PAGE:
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News-Press Editorial: New safety measure raises a flag

News-Press Editorial: New safety measure raises a flag
Glendale Transportation and Parking Commissioner Maro Yacobian demonstrates how to use the pedestrian caution flags provided by the city as a pilot program at E. Colorado St and Jackson St. in Glendale on Tuesday, Jan. 27, 2015. (Raul Roa / Staff Photographer)

In response to an alarming number of vehicle versus pedestrian skirmishes the Pedestrian Safety Task Force was created by the Glendale City Council last year. The obvious hope is that the findings and suggestions of the task force will significantly improve the situation.

We want to encourage the city to do everything in its power to enhance traffic safety on our streets, so the creation of the task force was a good idea, in our view. But we are not impressed by the test program unveiled this week wherein pedestrians hoping to make it safely across unmarked crosswalks — at East Colorado and Jackson streets, as well as at Kimlin at East Chevy Chase drives — are urged to pick up an orange flag and wave it to keep drivers from mowing them down. Then they're supposed to deposit said flag in a receptacle on the opposite side of the street. Theoretically, there will be enough people traveling both directions that flags will be available to walkers poised to advance into the street from both curbs.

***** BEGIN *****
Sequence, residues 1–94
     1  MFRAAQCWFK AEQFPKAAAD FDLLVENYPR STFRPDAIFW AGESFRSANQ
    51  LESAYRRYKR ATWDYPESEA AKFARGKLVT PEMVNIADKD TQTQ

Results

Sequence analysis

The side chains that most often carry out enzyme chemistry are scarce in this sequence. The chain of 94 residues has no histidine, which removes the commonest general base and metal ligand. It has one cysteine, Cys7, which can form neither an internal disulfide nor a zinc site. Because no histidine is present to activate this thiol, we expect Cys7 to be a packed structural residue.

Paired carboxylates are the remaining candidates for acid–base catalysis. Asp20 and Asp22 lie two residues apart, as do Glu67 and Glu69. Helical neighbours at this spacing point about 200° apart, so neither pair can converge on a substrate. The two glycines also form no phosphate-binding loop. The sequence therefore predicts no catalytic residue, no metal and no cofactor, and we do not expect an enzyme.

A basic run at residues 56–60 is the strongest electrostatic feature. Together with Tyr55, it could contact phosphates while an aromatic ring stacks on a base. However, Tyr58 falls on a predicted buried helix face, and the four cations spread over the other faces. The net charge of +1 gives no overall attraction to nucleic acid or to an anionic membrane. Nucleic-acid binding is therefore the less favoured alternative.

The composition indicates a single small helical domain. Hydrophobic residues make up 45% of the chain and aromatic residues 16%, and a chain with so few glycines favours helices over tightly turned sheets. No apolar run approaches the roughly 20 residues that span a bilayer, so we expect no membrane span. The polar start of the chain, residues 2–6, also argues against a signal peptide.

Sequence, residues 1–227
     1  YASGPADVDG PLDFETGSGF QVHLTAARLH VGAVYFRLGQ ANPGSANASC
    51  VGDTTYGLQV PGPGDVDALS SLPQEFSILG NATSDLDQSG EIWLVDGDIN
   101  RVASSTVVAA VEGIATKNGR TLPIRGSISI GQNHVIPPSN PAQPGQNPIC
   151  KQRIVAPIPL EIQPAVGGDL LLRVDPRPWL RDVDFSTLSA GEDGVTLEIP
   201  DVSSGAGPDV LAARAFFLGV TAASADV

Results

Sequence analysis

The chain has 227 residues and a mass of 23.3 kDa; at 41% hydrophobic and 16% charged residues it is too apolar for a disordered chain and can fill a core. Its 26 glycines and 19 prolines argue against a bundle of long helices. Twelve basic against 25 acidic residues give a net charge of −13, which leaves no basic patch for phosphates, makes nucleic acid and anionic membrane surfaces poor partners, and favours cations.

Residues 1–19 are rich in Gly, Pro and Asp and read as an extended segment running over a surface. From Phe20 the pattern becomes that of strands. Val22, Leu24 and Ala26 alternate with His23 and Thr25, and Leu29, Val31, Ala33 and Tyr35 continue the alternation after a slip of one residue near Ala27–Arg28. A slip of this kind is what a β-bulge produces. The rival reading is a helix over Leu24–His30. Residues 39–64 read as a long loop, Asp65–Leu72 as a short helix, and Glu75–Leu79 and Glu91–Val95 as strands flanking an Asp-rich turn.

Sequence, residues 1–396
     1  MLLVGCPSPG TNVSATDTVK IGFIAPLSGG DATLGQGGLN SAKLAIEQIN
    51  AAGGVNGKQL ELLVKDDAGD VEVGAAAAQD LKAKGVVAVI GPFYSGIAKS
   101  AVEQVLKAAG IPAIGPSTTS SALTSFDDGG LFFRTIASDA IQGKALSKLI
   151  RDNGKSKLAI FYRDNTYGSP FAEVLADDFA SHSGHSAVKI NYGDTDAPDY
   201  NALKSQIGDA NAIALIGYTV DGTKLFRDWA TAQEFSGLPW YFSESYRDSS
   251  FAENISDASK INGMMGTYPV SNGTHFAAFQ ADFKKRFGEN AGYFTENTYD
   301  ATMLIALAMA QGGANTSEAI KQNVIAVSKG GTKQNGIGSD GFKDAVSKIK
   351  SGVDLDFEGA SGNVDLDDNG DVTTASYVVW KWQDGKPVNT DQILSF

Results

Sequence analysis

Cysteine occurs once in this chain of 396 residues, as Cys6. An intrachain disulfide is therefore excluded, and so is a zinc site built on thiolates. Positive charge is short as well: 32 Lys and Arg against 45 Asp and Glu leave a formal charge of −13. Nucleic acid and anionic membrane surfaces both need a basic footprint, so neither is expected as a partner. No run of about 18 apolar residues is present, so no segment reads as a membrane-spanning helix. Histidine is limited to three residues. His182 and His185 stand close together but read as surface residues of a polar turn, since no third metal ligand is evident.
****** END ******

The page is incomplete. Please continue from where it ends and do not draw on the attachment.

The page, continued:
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Glendale is not the first city to try this measure. It was implemented 15 years ago in Salt Lake City and other cities around the U.S. have also given it a try, some with such limited success that they abandoned it in short order. Not surprisingly, the flags have a tendency to either break or disappear altogether, so there are issues maintaining such a program. Also, there's a matter of public buy-in to the program. Some pedestrians have said they feel silly carrying a flag across the street while many ignore them entirely and make the mad dash as they've always done, no flag in hand.

As we are only a few days into the test program here, it's obviously too soon to assess its effectiveness. But we doubt enough people will use the flags to make an ongoing and measurable difference.

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According to the World Health Organization, the risk factors for pedestrian versus car accidents include vehicle speed, poor road design and inadequate enforcement of traffic laws. Pedestrians too have to take responsibility for their safety. They must pay close attention to the drivers around them and not assume approaching vehicles will stop just because there's a person trying to cross the road on foot in front of them. Distractions such as using cellphones, whether while walking or driving, contribute to the problem.

Rather than hoping a flag waved by pedestrians will improve our traffic safety record, we believe it would be better if our city leaders put resources into an integrated approach that not only educates drivers and pedestrians, but also takes a hard look at whether or not our roads are pedestrian-friendly enough and if the laws governing them are being adequately enforced.

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